TXMMA – Texas Mixed Martial Arts

Tune Up Your Takedown





by Adam benShea

The reason that many fail to finish a takedown (or ‘shot’) can, usually, be attributed to two easily remedied details.

First, you have to change levels with your legs, not your back!

The first action in a takedown should be ‘changing levels,’ or using your legs to lower your center of gravity so that you are level with your opponent’s hips. Too often, we see people changing levels with their backs. They bend their back forward and charge like a mummy suffering from a bout with vertigo! This makes for a takedown that is predicable and lacking in strength. However, when you change levels with your legs beneath you, they will offer a resource for strength and movement (both of which are crucial for the successful takedown).

Second, the initial contact of a takedown should feel like a punch to your opponent’s gut!

To accomplish this, one must use the back leg (or ‘trail leg’) as an anchor point from which to push off. Specifically, the back leg should be used to launch you into your opponent. If executed correctly, your opponent will fold over your shoulder (making the completion of the takedown much more likely).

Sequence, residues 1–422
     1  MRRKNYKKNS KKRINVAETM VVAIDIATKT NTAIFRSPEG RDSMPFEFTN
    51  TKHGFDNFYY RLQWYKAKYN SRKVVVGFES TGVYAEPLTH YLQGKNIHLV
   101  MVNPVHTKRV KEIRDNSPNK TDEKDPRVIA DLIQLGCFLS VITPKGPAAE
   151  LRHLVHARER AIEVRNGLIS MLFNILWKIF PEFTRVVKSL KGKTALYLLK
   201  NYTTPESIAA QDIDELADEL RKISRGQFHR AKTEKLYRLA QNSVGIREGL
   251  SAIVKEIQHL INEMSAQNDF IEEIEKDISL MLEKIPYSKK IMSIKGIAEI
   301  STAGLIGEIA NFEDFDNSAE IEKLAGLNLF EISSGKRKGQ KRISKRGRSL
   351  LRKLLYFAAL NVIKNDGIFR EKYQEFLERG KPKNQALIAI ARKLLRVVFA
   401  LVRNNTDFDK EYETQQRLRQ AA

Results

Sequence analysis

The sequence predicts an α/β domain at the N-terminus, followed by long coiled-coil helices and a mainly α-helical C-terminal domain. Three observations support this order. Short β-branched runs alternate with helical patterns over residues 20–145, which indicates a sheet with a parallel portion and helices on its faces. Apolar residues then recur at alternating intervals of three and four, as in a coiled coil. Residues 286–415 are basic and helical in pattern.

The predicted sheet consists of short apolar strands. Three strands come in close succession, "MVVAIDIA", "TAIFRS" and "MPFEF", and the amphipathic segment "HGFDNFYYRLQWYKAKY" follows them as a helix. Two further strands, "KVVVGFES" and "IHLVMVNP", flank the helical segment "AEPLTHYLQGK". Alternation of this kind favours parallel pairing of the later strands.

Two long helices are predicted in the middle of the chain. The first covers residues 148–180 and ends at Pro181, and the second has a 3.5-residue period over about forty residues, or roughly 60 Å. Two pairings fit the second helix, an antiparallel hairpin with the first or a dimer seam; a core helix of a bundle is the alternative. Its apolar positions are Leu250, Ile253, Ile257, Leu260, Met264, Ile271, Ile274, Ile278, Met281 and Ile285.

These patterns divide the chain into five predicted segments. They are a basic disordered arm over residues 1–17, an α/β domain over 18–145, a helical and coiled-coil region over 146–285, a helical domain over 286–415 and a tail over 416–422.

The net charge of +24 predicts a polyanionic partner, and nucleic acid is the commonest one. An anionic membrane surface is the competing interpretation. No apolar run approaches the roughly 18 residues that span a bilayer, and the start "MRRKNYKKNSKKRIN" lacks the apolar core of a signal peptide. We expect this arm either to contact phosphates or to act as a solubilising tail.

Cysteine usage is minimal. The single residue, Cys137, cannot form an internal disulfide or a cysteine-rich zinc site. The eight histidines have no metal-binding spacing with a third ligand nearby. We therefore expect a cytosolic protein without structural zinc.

Drilling the movement of a correctly executed takedown will improve your shot. But, sometimes drilling just isn’t enough. So, here are some sport specific exercises to tune up your takedown.

Lunge Away!
Lunges are a great exercise that mimics the action of a takedown. In a lunge, you change levels with your legs, not your back. Moreover, lunges increase leg strength in the replicated takedown motion. This makes for a stronger ‘pop’ into your opponent.

Some variations of the lunge include: Walking Lunge, Standing Lunge, Jumping Lunge, and Barbell Lunge. (Note: To reduce the chance of injury, do not let your knee fall over your toes). (

Just Band It!
Get a resistance band and attach it to your waist (any strong resistance band will do, but resistance bands specific to grappling training are available). Make sure you attach the other end to an immovable object (e.g. you training partner holds it, tie it to the leg of that big dude who rules the buffet line…whatever). Once the band is in place, shoot away! The resistance of the band will increase as you drive through your takedown. Drill your shot for one minute with the band, then one minute without the band. And repeat.

Get Wet!
Find access to a pool and get in the shallow end. With the water at waist level, drill your takedowns. The natural resistance provided by the water will offer a great way to strengthen the action of your takedown. Work on your takedowns for 10-15 minutes. Once on dry land, you should notice an increase in the speed and strength of your shot. You may look weird, but, in a public pool, you will just be one of many.

About the author:
Adam benShea is a Brazilian Jiu-Jitsu black belt under Ricardo “Frajinha” Miller (Paragon Brazilian Jiu-Jitsu). Adam has won the World, Pan American, and California State Brazilian Jiu-Jitsu Championships. He is a graduate of UC Santa Barbara and holds an MA from Indiana University. Check out his website for more workout ideas: Adam’s Website. Adam is the Joshstrength.com Grappling/MMA Advisor.






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